When The Party Died gives us our first real glimpse at Brock's wife Laura, at her career and at other complications in their relationship (beyond the very singular focus of the couple's problem in first two books). The plot soon zooms delightfully between an art gallery and a country manor, with an enormous amount of potential clues—and, like the reader, the investigators have no idea what they mean.
It's a great setup for the main plot, which kept me interested throughout, and satisfied with the reveals. It's one of the few mysteries I've read lately in which I had no idea who did it, but looking back, there were plenty of clues.
The subplots were a bit less effective; Poole is now at a point where he's just an idiot for not being more forward with the intelligent young female constable who's so into him, she's being threatened with Perfect Girl Syndrome. (It's an interracial relationship, which no one seems aware of in the book, which struck me as more than a little odd. Certainly it's not that big of a deal, but when Poole meets Sanders' Indian mother, Barnett seems to go through contortions not to mention it.) The climactic scene reveals something quite delightful about her character. I hope Barnett continues to show us her multiple dimensions in future books.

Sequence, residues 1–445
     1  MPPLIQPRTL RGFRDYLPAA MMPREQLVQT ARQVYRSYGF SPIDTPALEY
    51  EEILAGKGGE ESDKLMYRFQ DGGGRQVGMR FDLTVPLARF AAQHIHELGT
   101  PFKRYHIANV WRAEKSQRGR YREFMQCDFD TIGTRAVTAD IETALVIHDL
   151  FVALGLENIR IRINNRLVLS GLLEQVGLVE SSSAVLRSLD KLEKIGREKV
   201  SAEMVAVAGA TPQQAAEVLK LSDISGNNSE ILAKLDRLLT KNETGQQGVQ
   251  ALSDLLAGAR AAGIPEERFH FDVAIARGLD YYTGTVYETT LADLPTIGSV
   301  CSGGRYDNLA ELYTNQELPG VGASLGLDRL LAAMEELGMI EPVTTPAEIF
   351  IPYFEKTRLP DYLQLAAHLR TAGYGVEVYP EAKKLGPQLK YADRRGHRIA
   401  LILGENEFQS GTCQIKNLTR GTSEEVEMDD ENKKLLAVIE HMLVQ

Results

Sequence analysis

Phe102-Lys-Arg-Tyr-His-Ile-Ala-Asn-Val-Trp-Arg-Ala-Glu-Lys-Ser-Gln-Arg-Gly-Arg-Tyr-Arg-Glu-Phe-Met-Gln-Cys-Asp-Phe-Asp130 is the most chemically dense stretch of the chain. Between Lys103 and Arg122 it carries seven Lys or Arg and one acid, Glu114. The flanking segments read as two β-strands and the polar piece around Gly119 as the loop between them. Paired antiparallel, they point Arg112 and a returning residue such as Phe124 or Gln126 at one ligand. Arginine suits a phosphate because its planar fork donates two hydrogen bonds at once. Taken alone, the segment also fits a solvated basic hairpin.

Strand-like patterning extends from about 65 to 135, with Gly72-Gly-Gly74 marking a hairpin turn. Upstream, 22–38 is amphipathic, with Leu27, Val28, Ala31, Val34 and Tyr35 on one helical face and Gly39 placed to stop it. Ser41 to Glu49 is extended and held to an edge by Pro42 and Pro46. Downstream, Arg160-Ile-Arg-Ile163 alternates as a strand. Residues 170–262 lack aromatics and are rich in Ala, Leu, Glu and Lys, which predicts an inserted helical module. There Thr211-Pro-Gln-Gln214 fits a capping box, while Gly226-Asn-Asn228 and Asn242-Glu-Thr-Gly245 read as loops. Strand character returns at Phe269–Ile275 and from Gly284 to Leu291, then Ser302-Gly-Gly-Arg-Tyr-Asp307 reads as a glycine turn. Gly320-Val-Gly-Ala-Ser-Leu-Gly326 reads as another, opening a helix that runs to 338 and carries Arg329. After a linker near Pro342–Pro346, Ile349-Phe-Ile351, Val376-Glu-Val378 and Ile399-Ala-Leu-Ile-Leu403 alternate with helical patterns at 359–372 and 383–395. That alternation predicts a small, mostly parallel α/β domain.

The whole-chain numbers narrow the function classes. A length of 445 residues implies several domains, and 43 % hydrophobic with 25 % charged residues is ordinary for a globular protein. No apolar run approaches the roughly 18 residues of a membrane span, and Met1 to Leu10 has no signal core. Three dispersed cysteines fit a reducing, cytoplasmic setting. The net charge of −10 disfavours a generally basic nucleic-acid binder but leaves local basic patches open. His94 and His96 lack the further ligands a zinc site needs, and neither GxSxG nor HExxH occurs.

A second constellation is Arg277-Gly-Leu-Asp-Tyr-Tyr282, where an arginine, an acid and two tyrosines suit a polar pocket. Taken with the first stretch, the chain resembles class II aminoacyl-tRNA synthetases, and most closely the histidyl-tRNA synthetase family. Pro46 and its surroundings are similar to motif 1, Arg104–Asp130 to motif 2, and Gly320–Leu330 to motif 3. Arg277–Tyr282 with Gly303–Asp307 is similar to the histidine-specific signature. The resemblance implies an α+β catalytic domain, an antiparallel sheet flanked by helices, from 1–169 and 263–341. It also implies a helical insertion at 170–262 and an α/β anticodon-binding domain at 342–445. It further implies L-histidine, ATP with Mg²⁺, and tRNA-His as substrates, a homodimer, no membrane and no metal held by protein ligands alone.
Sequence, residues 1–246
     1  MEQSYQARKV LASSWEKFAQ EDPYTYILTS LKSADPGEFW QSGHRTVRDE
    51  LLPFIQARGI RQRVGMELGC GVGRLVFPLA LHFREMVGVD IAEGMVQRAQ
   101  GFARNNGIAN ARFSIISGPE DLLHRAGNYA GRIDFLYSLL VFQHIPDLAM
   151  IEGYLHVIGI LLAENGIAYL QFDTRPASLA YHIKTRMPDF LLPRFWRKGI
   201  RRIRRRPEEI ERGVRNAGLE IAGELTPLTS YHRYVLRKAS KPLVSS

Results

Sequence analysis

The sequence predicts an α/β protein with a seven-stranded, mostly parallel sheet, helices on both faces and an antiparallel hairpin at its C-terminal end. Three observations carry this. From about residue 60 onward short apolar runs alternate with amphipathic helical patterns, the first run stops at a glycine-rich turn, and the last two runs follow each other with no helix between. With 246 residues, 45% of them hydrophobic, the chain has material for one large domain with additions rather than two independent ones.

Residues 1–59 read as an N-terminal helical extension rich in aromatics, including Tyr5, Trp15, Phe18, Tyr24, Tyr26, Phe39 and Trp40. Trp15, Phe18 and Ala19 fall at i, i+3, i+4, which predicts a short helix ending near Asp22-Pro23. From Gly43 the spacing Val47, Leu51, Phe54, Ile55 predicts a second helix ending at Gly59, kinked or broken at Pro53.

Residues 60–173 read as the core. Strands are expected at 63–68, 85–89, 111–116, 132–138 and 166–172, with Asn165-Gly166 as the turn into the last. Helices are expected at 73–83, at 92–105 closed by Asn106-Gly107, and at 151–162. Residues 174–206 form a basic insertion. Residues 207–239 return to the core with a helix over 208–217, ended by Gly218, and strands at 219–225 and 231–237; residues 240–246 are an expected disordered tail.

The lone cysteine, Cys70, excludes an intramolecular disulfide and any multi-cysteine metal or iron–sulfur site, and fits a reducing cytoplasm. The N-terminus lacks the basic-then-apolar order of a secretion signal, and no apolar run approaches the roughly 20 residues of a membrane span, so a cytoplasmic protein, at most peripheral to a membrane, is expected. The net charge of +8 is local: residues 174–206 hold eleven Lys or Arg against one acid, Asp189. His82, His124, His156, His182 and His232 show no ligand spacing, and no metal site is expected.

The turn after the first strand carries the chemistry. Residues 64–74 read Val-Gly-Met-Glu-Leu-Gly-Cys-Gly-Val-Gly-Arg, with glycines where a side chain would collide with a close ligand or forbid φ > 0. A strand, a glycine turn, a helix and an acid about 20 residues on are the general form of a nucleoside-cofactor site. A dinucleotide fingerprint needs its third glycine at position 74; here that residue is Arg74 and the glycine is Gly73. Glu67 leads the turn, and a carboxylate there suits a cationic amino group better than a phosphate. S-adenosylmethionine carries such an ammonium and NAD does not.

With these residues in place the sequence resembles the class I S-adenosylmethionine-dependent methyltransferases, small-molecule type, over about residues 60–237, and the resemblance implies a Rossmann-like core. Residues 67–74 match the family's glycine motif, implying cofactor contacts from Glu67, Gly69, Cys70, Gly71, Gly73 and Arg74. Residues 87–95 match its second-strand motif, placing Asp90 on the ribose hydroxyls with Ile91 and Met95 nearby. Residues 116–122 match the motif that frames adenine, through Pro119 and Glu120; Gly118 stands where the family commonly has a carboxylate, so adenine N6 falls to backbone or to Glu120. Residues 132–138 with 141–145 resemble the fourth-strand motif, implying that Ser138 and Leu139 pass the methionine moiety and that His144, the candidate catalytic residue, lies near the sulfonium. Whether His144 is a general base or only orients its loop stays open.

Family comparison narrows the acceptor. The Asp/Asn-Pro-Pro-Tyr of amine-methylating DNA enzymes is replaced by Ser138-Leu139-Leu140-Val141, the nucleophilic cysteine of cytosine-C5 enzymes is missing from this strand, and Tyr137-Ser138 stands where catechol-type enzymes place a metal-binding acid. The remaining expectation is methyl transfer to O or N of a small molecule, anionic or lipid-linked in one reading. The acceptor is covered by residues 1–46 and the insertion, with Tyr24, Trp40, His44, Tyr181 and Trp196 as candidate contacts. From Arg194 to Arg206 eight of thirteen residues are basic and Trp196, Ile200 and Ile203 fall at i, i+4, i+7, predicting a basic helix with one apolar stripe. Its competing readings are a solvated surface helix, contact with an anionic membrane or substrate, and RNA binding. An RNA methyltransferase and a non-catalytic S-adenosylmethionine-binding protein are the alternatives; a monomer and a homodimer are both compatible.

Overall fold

The continuing subplot of Poole's mother and father are getting diminishing returns for me as well, but there wasn't much of it in this installment.
One nitpick: there were a lot of typos and grammatical errors in this book—inconsistent use of punctuation, names spelled differently (Frazer and Fraser, especially). It was a bit distracting, but not enough where I ever considered abandoning the book.
Overall, a worthwhile read, and one that has me waiting until the day I can pre-order the fourth book in the series.